Tag Archives: Sophie McManus

Is my favorite debut really a debut?

As I read the “Best of” book lists, and reflect back on my year of reading, I concur with Michelle Obama that the best book I read, and reviewed, this year was Elizabeth Alexander’s The Light of the World. Her poetic use of language, emotional openness and roving intellect made this memoir stay with me weeks and months after I put it down. And as I wrote in my review, my husband got so engrossed with the story that he actually missed his subway stop on his commute home, ending up in a completely different part of Brooklyn than he was headed, when he finally looked up from this book.

She tells the story of the untimely death of her husband at age 50, then goes back in time to share their love story and moves forward to explore her, and her children’s, grief. The book is a wonderful meditation on love and on loss. But although this book is her first memoir, Alexander is such an accomplished poet and academic, with eleven books of poetry and four books of essays published, that I wonder if she counts in the debut category? Since it was her first memoir, I took liberties to include her on my “debut” reading list, and after I loved the book so much, I wanted to share that with all of you.

As for the more traditional debuts, meaning an author without much of a publishing record when their debut novel came out, of the novels I read and wrote about this year, The Sympathizer, by Viet Thanh Nguyen won the Center for Fiction’s First Novel Prize and is being picked up on best book lists, including the Times 100. And while I enjoyed this book and admired its ambition, the three books that stayed with me the most are:

Etta and Otto and Russell and James, by Emma Hooper, for its magical tale and quirky story.

The Unfortunates, by Sophie McManus, for its breathtakingly precise and beautiful language that made me feel like I was reading a book written 100 years ago.

And Disgruntled, by Asali Solomon, for her ability to capture the teenage years of a unique girl growing up in Philadelphia.

Although The Unfortunates was written up quite widely when it came out and was nominated for the Center for Fiction First Novel Prize, all of these books deserve more attention than they got. And the authors all capture unique female stories which deepen our collective understanding of the world.

How about you? What debuts did you read this year that you really loved?

In the new year, I will write about books that I didn’t get to yet in 2015, including The Fishermen by Chigozie Obioma and Angela Flournoy’s The Turner House.

Happy holidays, dear readers….to a festive end of the year. Until 2016!

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The Unfortunates, by Sophie McManus

Unfortunates

The Unfortunates

By Sophie McManus

Farrar, Straus and Giroux, 2015

353 pages

The Somner family has seen brighter days. Cecilia, “CeCe” the matriarch, an heiress to a family fortune, has a degenerative disease and decamps to a rehab facility for experimental treatment, hoping to bring back her life as she once knew it. George, her son, dreams of having his opera, The Burning Papers, produced at any cost. And Iris, George’s wife, struggles to hold herself, and her marriage, together as George pursues his creative dream. Told in alternating voices, The Unfortunates tells the stories of these three characters over the course of one year.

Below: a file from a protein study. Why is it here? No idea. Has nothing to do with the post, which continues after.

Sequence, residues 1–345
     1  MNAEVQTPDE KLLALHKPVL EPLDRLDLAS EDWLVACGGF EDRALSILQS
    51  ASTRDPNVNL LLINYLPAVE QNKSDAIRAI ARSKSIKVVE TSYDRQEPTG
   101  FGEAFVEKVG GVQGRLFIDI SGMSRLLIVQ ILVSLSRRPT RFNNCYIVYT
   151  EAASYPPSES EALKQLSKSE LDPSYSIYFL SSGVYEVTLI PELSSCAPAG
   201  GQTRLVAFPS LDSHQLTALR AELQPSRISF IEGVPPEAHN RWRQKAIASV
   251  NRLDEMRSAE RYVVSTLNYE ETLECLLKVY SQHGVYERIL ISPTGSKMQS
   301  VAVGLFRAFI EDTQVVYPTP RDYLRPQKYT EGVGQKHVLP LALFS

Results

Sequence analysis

This is sumptuous read. McManus has a beautiful use of language and the stories slowly unfold on the page, reminding me of novels from the late 19th and early 20th centuries. George is a tragic character, wealthy and in need of nothing material, yet restless and unsatisfied with life. CeCe is a demanding mother overly concerned with appearances and material items. Iris marries into the family, and their wealth, and is more comfortable with Victor, a man they hire as a personal trainer and dog walker, than she is with CeCe.

This is a book about family, wealth and ambition and what it means to come from a family of influence that has a name that is recognized and needs to be protected. It is also a story of denial and isolation and the extent to which we all live in our own bubbles. I enjoyed this book for its beautiful, meticulous, language and for the characters, who were relatable to me. The Unfortunates is a perfect summer read, to be slowly enjoyed on a hot summer afternoon. And the story culminates with some interesting twists and turns, which I will not reveal.

McManus lives in Brooklyn. The book has been mentioned on summer book lists and was long listed for the Center for Fiction First Novel Prize for 2015.

This book’s cover is my favorite of the year!

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The Center for Fiction — 2015 First Novel Long List

The Center for Fiction does good work. They host readings, classes, reading groups and foster an interest in fiction writing. They also have an annual prize that acknowledges the best debut novel of the year. Their long list is out, and The Sympathizer, by Viet Thanh Nguyen, which I reviewed last month, is on it, along with Sophie McManus, whose The Unfortunates, I will review next. Two other titles that stood out to me are:

Girl at War, by Sara Nović, a coming of age story set in Croatia during the Yugoslav Civil War, and New York in 2001, about a young woman coming to grips with her experiences during the war.

The Turner House, by Angela Flournoy, a family drama set in Detroit in which the 13 children in the Turner Family need to decide what to do with the family house, which has lost its value in the financial collapse.

Happy summer reading!

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